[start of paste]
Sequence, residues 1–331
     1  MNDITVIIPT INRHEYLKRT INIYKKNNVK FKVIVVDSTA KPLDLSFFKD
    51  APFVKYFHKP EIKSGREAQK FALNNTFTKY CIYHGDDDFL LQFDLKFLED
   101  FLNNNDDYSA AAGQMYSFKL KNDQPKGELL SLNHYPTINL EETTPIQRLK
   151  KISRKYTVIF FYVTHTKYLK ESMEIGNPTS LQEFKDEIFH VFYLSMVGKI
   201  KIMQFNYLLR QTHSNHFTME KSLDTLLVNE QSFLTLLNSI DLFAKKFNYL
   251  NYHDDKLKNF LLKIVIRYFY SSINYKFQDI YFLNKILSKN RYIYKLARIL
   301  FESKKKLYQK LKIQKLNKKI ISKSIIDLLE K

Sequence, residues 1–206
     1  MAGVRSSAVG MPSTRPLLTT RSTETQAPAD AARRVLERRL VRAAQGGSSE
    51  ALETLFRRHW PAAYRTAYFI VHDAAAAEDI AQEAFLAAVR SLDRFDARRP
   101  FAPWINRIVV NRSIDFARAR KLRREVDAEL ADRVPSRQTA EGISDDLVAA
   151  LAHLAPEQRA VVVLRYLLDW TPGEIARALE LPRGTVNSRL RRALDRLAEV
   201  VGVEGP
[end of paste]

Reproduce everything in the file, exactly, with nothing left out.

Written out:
Sequence, residues 1–331
     1  MNDITVIIPT INRHEYLKRT INIYKKNNVK FKVIVVDSTA KPLDLSFFKD
    51  APFVKYFHKP EIKSGREAQK FALNNTFTKY CIYHGDDDFL LQFDLKFLED
   101  FLNNNDDYSA AAGQMYSFKL KNDQPKGELL SLNHYPTINL EETTPIQRLK
   151  KISRKYTVIF FYVTHTKYLK ESMEIGNPTS LQEFKDEIFH VFYLSMVGKI
   201  KIMQFNYLLR QTHSNHFTME KSLDTLLVNE QSFLTLLNSI DLFAKKFNYL
   251  NYHDDKLKNF LLKIVIRYFY SSINYKFQDI YFLNKILSKN RYIYKLARIL
   301  FESKKKLYQK LKIQKLNKKI ISKSIIDLLE K

Sequence, residues 1–206
     1  MAGVRSSAVG MPSTRPLLTT RSTETQAPAD AARRVLERRL VRAAQGGSSE
    51  ALETLFRRHW PAAYRTAYFI VHDAAAAEDI AQEAFLAAVR SLDRFDARRP
   101  FAPWINRIVV NRSIDFARAR KLRREVDAEL ADRVPSRQTA EGISDDLVAA
   151  LAHLAPEQRA VVVLRYLLDW TPGEIARALE LPRGTVNSRL RRALDRLAEV
   201  VGVEGP